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What are causes for a land or mud slide?

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Landslides occur when the stability of the slope changes from a stable to an unstable condition. A change in the stability of a slope can be caused by a number of factors, acting together or alone. Natural causes of landslides include:

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  Groundwater (pore water) pressure acting to destabilize the slope.

⇒   Loss or absence of vertical vegetative structure, soil nutrients, and soil structure .

  Erosion of the toe of a slope by rivers or ocean waves.

  Weakening of a slope through saturation by snow melt, glaciers melting, or heavy rains.

  Earthquakes adding loads to barely stable slope.

  Earthquake-caused liquefaction destabilizing slopes.

  Volcanic eruptions.

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Landslides can be aggravated by human activities, .... such as

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  Deforestation, cultivation and construction, which destabilize the already fragile slopes.

   Vibrations from machinery or traffic.

   Blasting.

   Earthwork which alters the shape of a slope, or which imposes new loads on an existing slope.

   In shallow soils, the removal of deep-rooted vegetation that binds colluvium to bedrock.

   Construction, agricultural or forestry activities (logging) which change the amount of water which infiltrates the soil.

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Types of landslide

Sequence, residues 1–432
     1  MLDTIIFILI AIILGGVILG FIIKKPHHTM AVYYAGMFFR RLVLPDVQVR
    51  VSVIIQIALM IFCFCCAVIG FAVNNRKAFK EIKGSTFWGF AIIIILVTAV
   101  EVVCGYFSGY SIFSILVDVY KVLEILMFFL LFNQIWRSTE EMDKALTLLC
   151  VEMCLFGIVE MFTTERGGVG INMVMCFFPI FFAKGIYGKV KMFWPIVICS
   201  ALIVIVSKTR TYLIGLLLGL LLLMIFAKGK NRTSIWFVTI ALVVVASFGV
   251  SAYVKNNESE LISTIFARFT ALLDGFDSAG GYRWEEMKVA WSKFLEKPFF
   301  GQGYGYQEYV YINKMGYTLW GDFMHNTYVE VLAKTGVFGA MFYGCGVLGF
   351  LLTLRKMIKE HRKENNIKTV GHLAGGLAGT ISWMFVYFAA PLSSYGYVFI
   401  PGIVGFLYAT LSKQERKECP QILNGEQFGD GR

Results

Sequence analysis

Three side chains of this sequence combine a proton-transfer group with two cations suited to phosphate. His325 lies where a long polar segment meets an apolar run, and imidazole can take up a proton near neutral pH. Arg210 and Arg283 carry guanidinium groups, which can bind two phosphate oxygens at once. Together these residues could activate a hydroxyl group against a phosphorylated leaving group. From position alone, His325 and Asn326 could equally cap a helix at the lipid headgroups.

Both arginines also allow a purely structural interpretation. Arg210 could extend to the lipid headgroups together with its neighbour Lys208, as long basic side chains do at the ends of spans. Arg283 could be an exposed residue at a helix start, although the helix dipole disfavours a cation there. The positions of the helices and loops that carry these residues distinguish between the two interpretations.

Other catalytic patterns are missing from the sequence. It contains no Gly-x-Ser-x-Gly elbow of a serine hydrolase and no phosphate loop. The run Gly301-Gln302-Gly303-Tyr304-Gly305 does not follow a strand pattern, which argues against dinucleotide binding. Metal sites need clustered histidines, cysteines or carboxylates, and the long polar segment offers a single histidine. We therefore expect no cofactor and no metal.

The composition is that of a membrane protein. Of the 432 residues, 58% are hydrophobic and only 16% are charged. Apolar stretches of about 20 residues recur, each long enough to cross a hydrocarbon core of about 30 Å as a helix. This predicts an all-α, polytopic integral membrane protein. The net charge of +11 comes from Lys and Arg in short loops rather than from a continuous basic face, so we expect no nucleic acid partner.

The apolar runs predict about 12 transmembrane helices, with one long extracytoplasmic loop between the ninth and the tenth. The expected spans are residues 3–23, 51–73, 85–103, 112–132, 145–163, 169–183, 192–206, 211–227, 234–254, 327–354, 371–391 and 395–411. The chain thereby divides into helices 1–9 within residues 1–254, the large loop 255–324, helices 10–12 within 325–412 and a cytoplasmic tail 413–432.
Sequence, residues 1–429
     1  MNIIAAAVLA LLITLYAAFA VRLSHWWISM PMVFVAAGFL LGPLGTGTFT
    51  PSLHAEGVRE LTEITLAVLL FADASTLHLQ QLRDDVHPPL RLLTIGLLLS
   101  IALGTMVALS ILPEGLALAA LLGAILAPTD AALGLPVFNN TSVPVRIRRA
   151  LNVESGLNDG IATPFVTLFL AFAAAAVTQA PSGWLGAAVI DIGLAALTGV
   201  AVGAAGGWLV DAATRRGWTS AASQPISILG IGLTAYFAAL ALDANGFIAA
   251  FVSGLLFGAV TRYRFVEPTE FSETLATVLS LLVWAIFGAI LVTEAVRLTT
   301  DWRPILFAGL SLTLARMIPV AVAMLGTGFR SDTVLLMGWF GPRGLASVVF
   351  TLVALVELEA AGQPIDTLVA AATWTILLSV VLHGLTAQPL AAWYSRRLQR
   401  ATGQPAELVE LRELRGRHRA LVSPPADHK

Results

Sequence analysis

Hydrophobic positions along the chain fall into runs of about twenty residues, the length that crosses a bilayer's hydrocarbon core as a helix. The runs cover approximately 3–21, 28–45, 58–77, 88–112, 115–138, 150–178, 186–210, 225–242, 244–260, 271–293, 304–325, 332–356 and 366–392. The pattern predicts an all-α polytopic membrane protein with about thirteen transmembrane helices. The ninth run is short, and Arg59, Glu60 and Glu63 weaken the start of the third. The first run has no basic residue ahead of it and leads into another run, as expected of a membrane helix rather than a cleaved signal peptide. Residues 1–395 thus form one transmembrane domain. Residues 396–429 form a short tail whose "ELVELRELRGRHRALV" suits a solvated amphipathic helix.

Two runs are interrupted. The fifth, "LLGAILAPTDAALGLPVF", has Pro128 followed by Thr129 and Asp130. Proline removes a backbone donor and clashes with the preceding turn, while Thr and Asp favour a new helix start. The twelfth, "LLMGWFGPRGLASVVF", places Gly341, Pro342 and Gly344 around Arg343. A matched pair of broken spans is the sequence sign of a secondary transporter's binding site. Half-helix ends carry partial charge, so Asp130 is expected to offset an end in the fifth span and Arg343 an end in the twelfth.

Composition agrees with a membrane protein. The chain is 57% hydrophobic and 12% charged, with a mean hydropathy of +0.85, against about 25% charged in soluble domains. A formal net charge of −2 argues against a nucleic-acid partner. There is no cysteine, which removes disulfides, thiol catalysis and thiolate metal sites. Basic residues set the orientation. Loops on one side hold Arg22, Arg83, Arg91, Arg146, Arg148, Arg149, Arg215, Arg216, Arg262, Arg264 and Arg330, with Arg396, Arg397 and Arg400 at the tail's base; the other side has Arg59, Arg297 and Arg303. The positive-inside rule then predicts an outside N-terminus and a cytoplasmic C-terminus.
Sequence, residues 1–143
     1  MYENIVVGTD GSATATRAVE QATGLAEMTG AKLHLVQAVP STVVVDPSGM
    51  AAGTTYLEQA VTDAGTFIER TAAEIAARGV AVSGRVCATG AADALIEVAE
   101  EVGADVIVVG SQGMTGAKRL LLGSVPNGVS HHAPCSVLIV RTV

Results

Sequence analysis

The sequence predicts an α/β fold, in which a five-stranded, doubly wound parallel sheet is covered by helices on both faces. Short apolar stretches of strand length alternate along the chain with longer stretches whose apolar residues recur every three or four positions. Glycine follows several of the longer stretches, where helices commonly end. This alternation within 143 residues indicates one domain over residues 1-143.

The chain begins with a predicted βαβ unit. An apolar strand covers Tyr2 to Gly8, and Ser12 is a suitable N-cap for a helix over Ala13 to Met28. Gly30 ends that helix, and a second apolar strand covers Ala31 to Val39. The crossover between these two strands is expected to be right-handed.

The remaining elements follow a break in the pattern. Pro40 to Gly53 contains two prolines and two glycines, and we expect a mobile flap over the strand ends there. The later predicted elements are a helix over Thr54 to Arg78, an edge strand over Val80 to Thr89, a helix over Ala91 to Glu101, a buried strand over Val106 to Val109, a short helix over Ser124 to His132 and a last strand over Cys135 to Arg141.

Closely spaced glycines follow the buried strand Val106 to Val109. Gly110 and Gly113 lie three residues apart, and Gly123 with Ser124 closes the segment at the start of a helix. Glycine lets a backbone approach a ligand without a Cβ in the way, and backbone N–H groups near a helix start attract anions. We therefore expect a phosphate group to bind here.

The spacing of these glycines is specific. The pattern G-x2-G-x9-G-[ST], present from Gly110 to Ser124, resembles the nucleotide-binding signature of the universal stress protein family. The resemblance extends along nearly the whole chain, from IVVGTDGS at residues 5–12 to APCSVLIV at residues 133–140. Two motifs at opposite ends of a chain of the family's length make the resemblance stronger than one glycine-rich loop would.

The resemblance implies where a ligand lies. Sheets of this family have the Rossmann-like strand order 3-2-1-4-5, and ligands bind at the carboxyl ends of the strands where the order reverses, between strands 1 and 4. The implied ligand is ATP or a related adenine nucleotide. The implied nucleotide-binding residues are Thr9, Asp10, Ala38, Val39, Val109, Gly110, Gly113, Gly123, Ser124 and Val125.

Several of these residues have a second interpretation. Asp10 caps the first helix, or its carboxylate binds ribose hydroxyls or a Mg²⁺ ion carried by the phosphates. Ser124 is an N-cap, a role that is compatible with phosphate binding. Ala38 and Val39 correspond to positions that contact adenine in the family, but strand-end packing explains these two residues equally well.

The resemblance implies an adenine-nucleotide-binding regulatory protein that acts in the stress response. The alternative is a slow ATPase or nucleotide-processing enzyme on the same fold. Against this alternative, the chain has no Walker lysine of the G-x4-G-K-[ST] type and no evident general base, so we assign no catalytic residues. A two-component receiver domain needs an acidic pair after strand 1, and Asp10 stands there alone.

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The term "landslide" describes a wide variety of processes that result in the downward and outward movement of slope-forming materials including rock, soil, artificial fill, or a combination of these. The materials may move by falling, toppling, sliding, spreading, or flowing. Figure 1 shows a graphic illustration of a landslide, with the commonly accepted terminology describing its features.

The various types of landslides can be differentiated by the kinds of material involved and the mode of movement. A classification system based on these parameters is shown in Figure 2. Other classification systems incorporate additional variables, such as the rate of movement and the water, air, or ice content of the landslide material.

Although landslides are primarily associated with mountainous regions, they can also occur in areas of generally low relief. In low-relief areas, landslides occur as cut-and-fill failures (roadway and building excavations), river bluff failures, lateral spreading landslides, collapse of mine-waste piles (especially coal), and a wide variety of slope failures associated with quarries and open-pit mines. The most common types of landslides are described as follows.

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Slides